Monday, June 29, 2009



By Jerry Okungu
Nairobi, Kenya
June 29, 2009

The death of Michael Jackson invokes many fond memories of the 1970s and 80s when his music career was peaking. This is the generation I belong to. I, liker my generation, grew up with MJ’s action packed music that has remained as danceable as ever.

I remember some years back when I was travelling with my two young daughters from Detroit to Nairobi. As we waited to connect to Amsterdam, there was this shop playing old Motown music of the Temptations, the Jackson Fives and others of that era. Before I realized it, the girls had dashed to the shop and were dancing to those old tunes to the amusement of the shop attendants and other shoppers. For their efforts they got mugs with MJ and The Temptations signatures. I couldn’t believe that nearly thirty years later, my daughters were responding to the same music the way I did as a young man in my 20s.

Just last Saturday, a day after MJ died, the same little girl who danced in Detroit was visibly upset on learning that Michael had died. Despite her tender age of 12 at the time Michael died, the first thing she asked me was if she could call her friends in the US to tell them about Michel’s death; never mind that the star’s death was allover the world.

This reaction just goes to show how Michael’s 40 years in the music industry will transcend all ages for generations to come. And may be through his music, he has conquered death because he will still be singing for humanity many years after.

However, as I ravaged the papers and switched TV channels to get everything I need to know about my lifetime entertainer, so many images and scenes from the past came popping up. My memory went into overdrive and dug up a lot of the past events and people related to the Jackson era.

I realized that it was difficult to think or talk about Michael Jackson without remembering the tumultuous years of the ‘60s, ‘70s and ‘80s when his contemporary entertainers such as Prince, The Pointers Sisters, Smokey Robinson, Lionel Richie, The Temptations, Isaac Hayes, Millie Jackson, Donna Summer and Gladys Maria Night controlled our airwaves and dancing halls.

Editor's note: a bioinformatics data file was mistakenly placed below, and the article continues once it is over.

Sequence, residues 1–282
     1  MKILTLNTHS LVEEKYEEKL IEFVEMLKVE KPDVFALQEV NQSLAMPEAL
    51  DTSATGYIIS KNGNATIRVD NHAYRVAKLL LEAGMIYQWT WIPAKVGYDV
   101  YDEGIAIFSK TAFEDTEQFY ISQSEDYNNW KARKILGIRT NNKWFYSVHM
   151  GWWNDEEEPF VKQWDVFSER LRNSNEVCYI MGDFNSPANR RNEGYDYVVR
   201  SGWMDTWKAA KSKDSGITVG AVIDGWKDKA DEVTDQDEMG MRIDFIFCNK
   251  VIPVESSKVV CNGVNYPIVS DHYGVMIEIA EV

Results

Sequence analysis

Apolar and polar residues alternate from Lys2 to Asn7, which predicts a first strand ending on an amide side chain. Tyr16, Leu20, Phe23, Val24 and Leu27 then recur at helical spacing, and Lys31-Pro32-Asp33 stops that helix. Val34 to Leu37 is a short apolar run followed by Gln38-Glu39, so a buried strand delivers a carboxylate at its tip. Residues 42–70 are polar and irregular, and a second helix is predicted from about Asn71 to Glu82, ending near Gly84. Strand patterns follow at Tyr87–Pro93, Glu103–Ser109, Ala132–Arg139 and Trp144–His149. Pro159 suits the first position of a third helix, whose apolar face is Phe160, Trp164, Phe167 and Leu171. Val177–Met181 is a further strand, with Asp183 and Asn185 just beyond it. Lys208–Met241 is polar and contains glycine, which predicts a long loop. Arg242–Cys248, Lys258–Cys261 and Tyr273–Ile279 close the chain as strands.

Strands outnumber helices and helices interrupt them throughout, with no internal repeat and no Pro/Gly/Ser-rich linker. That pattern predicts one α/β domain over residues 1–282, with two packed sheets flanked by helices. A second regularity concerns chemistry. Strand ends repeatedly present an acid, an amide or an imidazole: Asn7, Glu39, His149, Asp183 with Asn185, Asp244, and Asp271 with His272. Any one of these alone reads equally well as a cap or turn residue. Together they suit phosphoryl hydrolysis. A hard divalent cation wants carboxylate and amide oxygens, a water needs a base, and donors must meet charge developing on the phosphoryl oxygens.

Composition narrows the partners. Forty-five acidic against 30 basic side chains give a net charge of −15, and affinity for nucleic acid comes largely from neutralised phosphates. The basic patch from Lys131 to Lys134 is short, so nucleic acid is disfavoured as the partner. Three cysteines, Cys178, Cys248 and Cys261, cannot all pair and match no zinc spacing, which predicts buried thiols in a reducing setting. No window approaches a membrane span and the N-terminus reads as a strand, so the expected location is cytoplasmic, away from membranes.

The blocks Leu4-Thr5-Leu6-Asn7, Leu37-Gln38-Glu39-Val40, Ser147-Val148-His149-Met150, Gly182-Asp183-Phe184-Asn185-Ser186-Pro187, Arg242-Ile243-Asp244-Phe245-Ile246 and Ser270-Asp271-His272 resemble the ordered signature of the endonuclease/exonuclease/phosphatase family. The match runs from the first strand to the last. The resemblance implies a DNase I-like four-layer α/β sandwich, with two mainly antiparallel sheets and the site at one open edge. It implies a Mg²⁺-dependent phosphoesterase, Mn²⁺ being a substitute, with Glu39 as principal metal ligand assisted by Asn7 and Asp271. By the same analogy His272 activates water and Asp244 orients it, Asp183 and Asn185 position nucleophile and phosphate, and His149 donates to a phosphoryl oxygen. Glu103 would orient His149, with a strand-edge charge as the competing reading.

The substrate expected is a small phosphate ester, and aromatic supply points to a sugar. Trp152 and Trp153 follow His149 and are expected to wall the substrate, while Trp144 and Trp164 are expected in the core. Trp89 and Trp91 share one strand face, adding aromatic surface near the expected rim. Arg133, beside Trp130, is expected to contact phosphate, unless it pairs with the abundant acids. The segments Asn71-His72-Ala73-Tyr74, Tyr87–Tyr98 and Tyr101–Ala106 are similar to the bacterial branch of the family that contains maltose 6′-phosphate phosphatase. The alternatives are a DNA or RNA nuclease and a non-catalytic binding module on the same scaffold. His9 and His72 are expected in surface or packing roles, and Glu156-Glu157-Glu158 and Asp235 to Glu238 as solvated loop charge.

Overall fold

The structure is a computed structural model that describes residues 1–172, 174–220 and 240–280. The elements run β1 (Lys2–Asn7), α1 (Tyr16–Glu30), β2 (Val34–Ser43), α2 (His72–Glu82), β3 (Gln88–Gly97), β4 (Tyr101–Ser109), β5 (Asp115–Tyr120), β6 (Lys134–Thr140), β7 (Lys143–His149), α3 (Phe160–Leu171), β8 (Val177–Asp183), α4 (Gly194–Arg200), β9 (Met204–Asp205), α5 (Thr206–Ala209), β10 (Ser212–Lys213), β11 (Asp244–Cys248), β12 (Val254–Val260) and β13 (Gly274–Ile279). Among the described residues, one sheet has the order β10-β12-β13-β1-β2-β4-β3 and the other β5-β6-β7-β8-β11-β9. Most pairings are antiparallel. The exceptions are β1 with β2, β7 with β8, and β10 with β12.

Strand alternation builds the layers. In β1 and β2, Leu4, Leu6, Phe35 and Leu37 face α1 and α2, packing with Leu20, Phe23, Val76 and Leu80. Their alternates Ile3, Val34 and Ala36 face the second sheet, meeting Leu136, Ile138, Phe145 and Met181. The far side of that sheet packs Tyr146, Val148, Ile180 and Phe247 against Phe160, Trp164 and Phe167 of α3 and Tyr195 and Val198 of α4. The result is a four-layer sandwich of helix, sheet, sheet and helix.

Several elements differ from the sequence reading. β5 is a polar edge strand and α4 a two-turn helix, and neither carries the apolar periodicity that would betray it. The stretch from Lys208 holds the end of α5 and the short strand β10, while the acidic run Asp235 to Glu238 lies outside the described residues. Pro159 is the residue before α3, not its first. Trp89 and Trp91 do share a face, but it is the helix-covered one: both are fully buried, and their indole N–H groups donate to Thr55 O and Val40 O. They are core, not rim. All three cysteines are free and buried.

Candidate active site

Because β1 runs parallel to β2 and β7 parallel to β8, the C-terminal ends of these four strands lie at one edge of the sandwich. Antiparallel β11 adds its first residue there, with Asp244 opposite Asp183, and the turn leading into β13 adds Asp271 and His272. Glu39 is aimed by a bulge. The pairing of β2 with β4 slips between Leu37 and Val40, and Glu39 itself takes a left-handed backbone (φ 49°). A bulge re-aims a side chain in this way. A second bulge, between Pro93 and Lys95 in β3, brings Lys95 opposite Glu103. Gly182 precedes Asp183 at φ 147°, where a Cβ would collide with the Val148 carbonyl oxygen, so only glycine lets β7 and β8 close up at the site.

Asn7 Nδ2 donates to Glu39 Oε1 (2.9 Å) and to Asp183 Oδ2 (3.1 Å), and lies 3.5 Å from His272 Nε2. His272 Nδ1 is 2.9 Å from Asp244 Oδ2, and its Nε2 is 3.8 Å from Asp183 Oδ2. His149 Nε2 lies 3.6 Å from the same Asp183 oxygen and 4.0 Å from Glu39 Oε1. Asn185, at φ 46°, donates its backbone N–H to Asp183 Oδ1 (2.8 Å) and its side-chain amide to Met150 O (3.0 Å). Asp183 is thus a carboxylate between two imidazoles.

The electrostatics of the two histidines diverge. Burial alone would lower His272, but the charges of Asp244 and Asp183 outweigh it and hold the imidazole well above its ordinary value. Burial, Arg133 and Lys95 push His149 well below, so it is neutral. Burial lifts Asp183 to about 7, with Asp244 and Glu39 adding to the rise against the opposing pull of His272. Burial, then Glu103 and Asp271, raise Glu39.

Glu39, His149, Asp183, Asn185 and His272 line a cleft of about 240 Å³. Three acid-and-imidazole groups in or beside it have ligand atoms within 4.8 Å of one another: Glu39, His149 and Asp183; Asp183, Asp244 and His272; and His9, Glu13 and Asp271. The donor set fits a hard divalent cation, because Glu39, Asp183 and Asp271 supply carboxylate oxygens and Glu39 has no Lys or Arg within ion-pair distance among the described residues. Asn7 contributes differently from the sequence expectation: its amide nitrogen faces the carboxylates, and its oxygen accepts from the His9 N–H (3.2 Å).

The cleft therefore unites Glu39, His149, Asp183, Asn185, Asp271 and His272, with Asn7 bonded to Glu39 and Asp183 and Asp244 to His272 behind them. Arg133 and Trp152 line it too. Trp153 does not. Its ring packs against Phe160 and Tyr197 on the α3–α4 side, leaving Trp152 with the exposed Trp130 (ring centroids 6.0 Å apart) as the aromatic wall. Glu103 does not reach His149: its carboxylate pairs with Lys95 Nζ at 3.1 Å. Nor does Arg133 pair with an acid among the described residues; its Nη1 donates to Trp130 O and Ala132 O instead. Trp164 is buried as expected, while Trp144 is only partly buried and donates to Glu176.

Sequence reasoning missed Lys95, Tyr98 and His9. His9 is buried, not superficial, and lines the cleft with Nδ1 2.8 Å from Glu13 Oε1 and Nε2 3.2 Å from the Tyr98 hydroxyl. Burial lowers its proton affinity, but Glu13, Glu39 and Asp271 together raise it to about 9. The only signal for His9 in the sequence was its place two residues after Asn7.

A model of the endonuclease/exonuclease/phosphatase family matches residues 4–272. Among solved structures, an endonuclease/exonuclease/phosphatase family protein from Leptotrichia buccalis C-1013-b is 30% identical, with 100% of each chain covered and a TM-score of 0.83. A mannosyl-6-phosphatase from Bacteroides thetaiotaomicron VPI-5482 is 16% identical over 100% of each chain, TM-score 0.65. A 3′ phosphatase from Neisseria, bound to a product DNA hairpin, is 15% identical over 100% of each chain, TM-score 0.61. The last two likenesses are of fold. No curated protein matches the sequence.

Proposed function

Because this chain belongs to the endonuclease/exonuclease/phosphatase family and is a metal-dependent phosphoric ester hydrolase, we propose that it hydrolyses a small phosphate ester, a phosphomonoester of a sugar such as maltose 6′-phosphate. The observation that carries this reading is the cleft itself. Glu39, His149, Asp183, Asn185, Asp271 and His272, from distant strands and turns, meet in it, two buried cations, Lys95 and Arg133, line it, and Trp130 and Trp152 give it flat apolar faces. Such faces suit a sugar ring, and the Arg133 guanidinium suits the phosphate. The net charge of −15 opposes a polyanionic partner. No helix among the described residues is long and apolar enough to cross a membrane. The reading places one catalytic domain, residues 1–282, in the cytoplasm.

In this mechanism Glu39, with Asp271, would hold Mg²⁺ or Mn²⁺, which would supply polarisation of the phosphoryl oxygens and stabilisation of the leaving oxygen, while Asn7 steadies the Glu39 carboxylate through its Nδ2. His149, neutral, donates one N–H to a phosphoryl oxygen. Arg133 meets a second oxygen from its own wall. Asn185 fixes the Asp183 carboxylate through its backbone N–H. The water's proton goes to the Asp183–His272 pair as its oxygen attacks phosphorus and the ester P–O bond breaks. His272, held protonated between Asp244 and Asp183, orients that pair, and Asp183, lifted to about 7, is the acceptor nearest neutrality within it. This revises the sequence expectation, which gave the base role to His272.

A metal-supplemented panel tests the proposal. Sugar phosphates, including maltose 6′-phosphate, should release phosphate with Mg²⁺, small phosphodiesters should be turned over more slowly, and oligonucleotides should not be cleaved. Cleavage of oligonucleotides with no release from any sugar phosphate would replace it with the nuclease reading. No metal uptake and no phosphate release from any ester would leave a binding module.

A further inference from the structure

I remembered George Benson, Teddy Pendergrass, Curtis Mayfield, Barry White, Billy Ocean, Marvin Gaye, Thomas Rufus, BB King and Ben E King.

My mind raced faster and retrieved Freddie Jackson, Bob Marley, Aretha Franklin, Tina Turner, James Brown and MJ’s little sister Janet Jackson from my past.
Also in my mind were poet Nikki Giovanni, revolutionaries Angela Davis, Stockley Carmichael and Eldrige Cleaver, author James Baldwin and actor Jim Brown.

The reason these images kept coming up was simple. The American cultural domination of the world was at its peak. Black actors and political activists were emerging in their droves to claim a stake in the American society and in the process; they were asserting their Black consciousness in a racist American system.

It was the age of Black beauty, afro- hairstyle and general defiance of Western cultural colonialism. This era of Black consciousness united us with every Black movement across the globe from South Africa through Bob Marley’s Jamaica to the struggles of Black Panther members in the North America. When Martin Luther King and Malcolm X fell by the gun, we felt it like they were our own brothers. It was the same feeling we had when Bob Marley and Steve Biko died thousands of miles apart.

Led by Martin Luther King Jr. Malcolm X, James Brown, Angela Davis, Stockley Carmichael and a host of other Black Panther Movement radicals, we in Africa readily identified with voices of conscience be they in music, writings, poetry, politics, sports or armed resistance to racist regimes worldwide. We identified with similar struggles in Walter Rodney’s Caribbean Islands, the struggle against South Africa’s apartheid and Ian Smith’s UDI in the present Zimbabwe.

As we innocently imbibed anything American especially if it came from Black brothers, we in Africa had our own music in Lwambo Makiadi( Franco), Tabu Ley, Youlou, Johnny Bokelo, Marie Marie, Dr. Nico, Manu Dibangu, Yvonne Chakachaka, Mangelepa, Samba Mapangala, Fella Kuti and Osibisa to celebrate.

However, the American brand was too strong for our struggling music industry such that as the American icons were selling millions of their music worldwide, our local heroes were confined to their local markets determined by geography and language. The only exception to this were the Congolese artists who despite their singing in Lingala and French still found lots of fans in Kenya’s rural and urban slum dwellers.